By NY Staff
Dr. Ali Hassan al-Ahmadi, head of the National Security Agency in Yemen, denies the rumors of holding political prisoners in the agency as well as the existence of secret prisons administered by the agency. Al-Ahmadi said that the National security agency is working to prepare a strategy for fighting terrorism, and is looking to establish a center for re-qualifying detainees. “the agency mission never ceases working on the security issue, but it takes the responsibility for economic security, food security and any matter related to national security including antiquities smuggling, weapons and pesticide use” said al-Ahmadi.
In another statement, the United States expressed disappointment last Wednesday on the release of a Yemeni journalist whom human rights groups say was detained because of his reporting on al-Qaida and U.S-alleged complicity in Yemeni attacks.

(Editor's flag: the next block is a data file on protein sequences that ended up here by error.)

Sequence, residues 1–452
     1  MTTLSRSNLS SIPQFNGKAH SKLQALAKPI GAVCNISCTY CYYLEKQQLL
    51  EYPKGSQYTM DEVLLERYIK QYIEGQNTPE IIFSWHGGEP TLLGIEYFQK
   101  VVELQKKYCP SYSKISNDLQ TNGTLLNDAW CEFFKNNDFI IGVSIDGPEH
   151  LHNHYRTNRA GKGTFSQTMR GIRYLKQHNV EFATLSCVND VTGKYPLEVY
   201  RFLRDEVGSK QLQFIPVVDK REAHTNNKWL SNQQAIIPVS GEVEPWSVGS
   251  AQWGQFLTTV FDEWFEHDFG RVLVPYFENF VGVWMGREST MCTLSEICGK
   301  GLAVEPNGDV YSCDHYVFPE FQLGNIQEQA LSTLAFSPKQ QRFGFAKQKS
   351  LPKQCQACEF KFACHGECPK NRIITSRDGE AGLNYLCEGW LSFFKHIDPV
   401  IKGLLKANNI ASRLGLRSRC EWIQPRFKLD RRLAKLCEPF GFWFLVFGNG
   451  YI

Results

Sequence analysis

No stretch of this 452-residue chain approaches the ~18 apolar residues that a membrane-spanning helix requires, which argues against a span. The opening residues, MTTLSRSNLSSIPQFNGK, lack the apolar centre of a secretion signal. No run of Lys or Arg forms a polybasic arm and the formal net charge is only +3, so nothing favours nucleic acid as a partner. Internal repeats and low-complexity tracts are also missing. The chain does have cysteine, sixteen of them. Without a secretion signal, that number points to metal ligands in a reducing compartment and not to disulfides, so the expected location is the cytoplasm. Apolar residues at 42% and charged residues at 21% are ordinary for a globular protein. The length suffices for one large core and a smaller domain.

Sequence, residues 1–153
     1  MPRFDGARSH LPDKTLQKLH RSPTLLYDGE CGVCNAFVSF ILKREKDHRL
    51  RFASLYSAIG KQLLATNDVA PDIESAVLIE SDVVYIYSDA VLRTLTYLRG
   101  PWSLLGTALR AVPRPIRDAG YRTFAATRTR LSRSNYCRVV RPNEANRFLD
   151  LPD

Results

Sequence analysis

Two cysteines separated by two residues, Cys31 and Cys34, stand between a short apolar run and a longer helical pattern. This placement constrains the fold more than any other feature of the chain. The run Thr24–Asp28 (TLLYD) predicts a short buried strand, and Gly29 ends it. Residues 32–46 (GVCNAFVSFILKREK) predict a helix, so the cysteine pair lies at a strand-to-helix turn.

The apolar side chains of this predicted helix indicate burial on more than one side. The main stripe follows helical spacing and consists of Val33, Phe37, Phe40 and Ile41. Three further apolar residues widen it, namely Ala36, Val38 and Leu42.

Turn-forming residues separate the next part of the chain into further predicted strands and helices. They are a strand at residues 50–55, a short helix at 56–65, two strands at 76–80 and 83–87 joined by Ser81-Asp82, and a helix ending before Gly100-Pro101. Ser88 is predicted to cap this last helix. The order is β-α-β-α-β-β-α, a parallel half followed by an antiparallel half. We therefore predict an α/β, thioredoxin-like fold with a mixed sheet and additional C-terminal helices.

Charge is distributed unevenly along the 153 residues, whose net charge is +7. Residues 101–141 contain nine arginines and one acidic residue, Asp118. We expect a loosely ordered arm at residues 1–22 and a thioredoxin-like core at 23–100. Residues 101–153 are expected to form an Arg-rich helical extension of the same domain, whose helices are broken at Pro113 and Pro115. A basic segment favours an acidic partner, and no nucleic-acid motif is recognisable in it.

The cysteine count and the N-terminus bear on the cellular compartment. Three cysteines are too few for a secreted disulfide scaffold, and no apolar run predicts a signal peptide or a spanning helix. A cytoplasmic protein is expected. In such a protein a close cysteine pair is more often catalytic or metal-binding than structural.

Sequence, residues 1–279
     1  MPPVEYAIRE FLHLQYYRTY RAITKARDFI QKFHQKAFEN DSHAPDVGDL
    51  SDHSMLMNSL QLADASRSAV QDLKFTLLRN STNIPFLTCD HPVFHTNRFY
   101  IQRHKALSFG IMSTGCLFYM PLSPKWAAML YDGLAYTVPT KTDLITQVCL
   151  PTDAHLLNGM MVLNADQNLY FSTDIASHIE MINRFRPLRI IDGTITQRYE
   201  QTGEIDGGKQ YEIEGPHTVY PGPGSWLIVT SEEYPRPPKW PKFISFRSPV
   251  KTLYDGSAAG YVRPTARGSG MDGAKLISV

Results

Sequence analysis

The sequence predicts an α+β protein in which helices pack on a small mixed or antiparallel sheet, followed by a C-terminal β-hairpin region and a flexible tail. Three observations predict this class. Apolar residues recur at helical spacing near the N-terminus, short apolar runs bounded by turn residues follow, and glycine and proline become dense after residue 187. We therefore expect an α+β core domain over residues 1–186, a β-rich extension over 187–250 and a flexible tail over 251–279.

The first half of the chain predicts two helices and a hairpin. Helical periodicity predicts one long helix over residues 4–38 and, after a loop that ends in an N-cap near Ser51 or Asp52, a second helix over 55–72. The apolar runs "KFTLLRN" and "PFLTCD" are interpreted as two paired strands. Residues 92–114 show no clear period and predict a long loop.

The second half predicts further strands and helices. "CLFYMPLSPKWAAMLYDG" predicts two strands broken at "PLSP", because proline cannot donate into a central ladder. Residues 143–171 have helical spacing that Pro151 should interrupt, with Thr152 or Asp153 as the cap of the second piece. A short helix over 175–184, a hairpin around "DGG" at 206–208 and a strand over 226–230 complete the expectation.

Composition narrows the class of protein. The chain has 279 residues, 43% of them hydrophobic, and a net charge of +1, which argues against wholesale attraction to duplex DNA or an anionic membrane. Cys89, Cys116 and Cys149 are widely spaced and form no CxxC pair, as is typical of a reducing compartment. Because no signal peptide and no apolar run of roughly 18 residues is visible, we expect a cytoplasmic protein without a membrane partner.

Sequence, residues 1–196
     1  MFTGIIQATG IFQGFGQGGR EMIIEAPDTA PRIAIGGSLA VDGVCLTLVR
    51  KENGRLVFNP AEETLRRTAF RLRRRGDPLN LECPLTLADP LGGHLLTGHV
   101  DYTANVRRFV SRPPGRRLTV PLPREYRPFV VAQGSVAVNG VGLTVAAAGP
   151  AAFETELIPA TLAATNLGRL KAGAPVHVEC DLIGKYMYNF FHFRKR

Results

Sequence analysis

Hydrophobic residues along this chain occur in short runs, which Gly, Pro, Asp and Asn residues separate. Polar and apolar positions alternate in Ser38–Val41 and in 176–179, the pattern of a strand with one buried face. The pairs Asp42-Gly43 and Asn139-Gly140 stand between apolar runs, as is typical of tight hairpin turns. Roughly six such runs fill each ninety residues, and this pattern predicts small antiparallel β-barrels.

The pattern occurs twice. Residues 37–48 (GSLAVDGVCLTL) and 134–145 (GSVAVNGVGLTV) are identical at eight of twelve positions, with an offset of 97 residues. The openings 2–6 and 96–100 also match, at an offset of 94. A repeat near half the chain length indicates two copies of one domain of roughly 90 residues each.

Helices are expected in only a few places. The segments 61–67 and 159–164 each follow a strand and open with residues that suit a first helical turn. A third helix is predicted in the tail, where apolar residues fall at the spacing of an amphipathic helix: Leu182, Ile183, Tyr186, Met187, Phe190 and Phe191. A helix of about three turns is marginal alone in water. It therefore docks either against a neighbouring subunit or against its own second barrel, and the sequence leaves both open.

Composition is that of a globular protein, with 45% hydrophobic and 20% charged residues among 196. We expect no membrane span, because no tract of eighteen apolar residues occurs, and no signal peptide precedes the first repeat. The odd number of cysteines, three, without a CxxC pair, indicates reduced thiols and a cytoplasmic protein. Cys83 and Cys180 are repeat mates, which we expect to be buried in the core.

Abdelela Shayie was pardoned by Yemen’s president on Tuesday after three years in prison on charges that he helped al-Qaida and militant U.S.-born cleric Anwar al-Awlaki. Shayie. He had been sentenced to five years in prison in 2011.
Al-Ahmadi displayed the working plan of the Agency, indicating its rigid procedural guidelines, criteria and membership selection process. Recruits for the NSA are pulled from the top students of the different Yemeni universities. Later on, these recruits train in extensive military courses for a year. “The NSA has special features for fighting terrorism and the process of restructuring has reached 35%” Said al-Ahmadi,
The statement of the head of the National Security coincided with the visit of some intelligence agencies groups for building military and security capability, affiliated with the National Dialogue members.
The meeting attendees discussed the political detainees, secret prisons and interventions by intelligence agencies. The NDC members shared their visions on the working strategy for the unity of all national intelligence services if the country ends up with a new geographical layout or separated into Federal states.